Julia has moved to the city 1 Our amiable competitor for early salads and fine camellias, has become entangled in the meshes of love, and for this she has left her garden!! How much of her mdividuality has she not lost? We were never weary of talking over our fruit projects, and our insect remedies, in vieing with our bouquets and asparagus. Our grapes and our pears made regular tours to each other's tables. What pleasure can. I now take in sending a fine bowl of perpetual strawberries, or a basket of my Reine Hortense cherries? She buys her vegetables from the market! eats stale salads and radishes, and, for the sake of her lover-husband, is therewith content!

Julia and I have no longer a common topic When I visit her, she will parade her purchased fruits, and, very probably, may substitute for them sugared bon-bons. Ah J Julia - that was a mistake to devote your affections on a cit; I am much afraid - -dare I say it? - you have not married your right husband I Does he know the names of your favorite roses? Is not one bouquet as good as another to the man brought up on Wilton carpets in Walnut Street? Why, spring has gone and autumn come I my lost Julia, and can you consent - have you really consented - to traverse paved streets, and look out .upon a garden - no, it is not a garden - upon a paved yard with only one sickly tree and a clothes-line in it! What will you substitute for the early apple-blossom, the fragrant grape-vine, and the ever-engrossing new buds that formerly engaged so much of your fond care?

If I did not fully believe your earlier attachment to the beauties of nature would surely return, I would have to write you cut of my books. I will send you flowers, and, fruits, and your favorite mess rose-buds, if for no other purpose, for the selfish one of keeping you in order for a future return to us. Shall I tell you of the bulbs you so resolutely tore yourself away from? They are peeping from their old beds to-day, and will soon be in all their panoply of glory! Your spiraea, unconscious of your absence, promise a full display, notwithstanding you have left them. The birds are singing merrily, and mating, too, but they do not choose the chimney tops for listeners to their notes. Your rosewood piano and gaslights, Julia, are a poor substitute for the robin or the newly-arrived twittering wren I

You have unconsciously given me a theme, and, though I will not call you fickle, like the April that has passed, I must deprecate the altered mode of life your new relations have brought you into. Why, in the country, you were companionable t - are you any longer so? Will your talk be of verbenas, or your ambition be for evergreens? Can you think of mignonette, and of your old lawn, when you are surrounded by omnibuses? Alas! no. The next time we meet, you will tell me of some crowded lecture, a concert, or a party. A party, Julia, where then are no fresh flowers from your old conservatory, and where the artificial will predominate over the natural I Pray, my darling-Julia, get your new man to make haste and be rich, and return to our rustio habits, our rural lanes, and drives, and walks; but, above all, to your good old garden, where your ancestors dug, and delved, and planted - where, Julia! you passed so many happy hours of careless child and opening womanhood!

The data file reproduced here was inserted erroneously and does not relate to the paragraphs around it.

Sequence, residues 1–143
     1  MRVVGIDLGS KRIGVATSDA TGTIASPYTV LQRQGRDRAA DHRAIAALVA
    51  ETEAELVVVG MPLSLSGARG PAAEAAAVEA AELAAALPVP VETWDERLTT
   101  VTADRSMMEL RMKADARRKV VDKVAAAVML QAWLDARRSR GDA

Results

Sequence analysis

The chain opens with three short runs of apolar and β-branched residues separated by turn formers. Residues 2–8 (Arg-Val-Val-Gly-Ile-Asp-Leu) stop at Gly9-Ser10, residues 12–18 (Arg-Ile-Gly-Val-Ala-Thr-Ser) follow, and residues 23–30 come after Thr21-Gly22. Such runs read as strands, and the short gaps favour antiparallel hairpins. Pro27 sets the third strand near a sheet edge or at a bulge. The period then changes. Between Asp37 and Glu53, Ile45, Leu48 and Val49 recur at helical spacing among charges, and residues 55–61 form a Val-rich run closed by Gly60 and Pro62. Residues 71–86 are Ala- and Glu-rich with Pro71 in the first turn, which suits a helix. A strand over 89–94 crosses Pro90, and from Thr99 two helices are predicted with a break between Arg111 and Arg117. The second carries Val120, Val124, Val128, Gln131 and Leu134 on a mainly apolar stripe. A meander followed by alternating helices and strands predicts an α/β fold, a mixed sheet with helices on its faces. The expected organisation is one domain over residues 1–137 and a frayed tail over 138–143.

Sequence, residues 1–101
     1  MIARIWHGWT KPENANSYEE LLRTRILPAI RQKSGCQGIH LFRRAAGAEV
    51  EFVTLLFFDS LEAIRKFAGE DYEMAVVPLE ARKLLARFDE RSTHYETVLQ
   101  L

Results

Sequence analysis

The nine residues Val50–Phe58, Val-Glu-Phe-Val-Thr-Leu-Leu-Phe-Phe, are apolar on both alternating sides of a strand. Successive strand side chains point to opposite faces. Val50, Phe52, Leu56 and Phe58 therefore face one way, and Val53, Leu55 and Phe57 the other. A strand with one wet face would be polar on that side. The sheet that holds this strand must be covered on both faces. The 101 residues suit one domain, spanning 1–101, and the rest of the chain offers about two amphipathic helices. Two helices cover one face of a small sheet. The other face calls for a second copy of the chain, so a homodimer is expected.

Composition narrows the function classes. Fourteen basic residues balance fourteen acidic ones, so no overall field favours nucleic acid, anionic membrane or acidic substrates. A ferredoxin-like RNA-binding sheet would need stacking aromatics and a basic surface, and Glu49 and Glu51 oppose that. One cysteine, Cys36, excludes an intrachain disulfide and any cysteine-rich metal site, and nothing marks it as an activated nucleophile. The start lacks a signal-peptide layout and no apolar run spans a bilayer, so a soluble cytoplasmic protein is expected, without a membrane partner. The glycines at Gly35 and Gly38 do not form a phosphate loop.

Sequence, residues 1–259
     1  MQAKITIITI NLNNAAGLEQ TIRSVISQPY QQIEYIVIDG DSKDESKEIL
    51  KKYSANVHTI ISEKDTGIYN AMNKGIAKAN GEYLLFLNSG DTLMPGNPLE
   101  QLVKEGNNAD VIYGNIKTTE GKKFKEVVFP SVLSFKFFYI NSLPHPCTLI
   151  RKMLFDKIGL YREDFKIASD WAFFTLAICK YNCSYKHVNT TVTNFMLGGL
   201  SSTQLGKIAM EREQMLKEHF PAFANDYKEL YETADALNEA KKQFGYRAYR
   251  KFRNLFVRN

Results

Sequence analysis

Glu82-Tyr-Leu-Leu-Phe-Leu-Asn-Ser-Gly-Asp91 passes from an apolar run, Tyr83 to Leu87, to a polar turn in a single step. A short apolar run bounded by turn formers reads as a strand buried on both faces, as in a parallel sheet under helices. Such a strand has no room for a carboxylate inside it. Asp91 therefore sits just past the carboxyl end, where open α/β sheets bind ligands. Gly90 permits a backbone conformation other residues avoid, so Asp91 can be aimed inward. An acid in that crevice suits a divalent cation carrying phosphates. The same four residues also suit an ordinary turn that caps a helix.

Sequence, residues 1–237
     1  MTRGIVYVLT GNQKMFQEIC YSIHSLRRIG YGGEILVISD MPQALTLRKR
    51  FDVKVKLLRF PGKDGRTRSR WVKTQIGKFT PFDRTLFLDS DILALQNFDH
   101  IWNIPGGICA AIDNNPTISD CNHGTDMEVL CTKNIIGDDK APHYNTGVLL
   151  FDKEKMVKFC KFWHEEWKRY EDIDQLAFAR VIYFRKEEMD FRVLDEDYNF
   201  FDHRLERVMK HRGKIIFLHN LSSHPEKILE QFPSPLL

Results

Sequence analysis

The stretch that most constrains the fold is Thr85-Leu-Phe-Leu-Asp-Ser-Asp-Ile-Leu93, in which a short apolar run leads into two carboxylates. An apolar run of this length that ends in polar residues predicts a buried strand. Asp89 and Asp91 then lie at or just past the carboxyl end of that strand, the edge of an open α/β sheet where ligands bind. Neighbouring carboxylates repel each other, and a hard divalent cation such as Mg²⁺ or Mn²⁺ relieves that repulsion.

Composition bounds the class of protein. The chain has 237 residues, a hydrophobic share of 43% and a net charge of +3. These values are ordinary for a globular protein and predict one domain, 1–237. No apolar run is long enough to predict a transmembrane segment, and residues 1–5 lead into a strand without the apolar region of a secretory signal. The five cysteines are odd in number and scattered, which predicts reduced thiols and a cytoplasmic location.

Julia was our beau-ideal of an American lady. She was versed in all those accomplishments which render a home in the country a pleasant place to visit. She had road, and read wisely; understood history, music, and belles-lettres, and was acquainted with' the physiology of botany. No one could so well direct a gardener, and, what was more to the purpose, no one of her sex wielded a trowel better. She did riot make her garden for a mere promenade and a show; she studied the habits of her plants, and understood them, and, of course, they understood her. Who so well could prepare a luscious evening feast from her own vines, and trees? Who had such delicious cream? Were not her conserves the perfection of art? her grapes the best? And then, with what a relish they were eaten, fresh. from nature's bountiful cornucopia. There was always enough, no matter how numerous the accidental guests; the resources of that house very few could understand. We passed it but yesterday; the windows were closed - the hedge has not been trimmed - the garden is all but a wilderness.

Servants pluck the degenerate fruits, and a cow has the pasturage of that beautiful lawn I Julia 1 all this is true; can you read of it without a sigh? Can you say, truly; you are any happier for the change? I hope so - but I believe it tremblingly.

Julia, we have said, was an example; for how few American ladies there are who thoroughly enjoy a garden - who, implement in hand, and knowledge to direct, it, pursue with enthusiasm the occupations which a true lover of floriculture enjoys?

Health, and, consequently, beauty, are best sought by a daily intercourse with nature. When we see a faded form, it can be too often traced to the close, unventilated room, and the absence of daily exercise. Depend upon it as a truth, the open air is the place to live in, at least two or three hours of most American days, and the indolent young ladies who will not practise either gardening, or walking, or riding & cheval, may expect, before they are thirty, to lose that complexion which was the charm of their youth. Do you still remember, Julia, that in the country.

"There is a dance of leaves in that aspen bower,' There's a titter of winds in that beeehen tree, There's a smile on the fruit, and a smile on the flower, And a laugh on the brook that runs to the sea?"

Julia, come back!

Moved To The City 1100134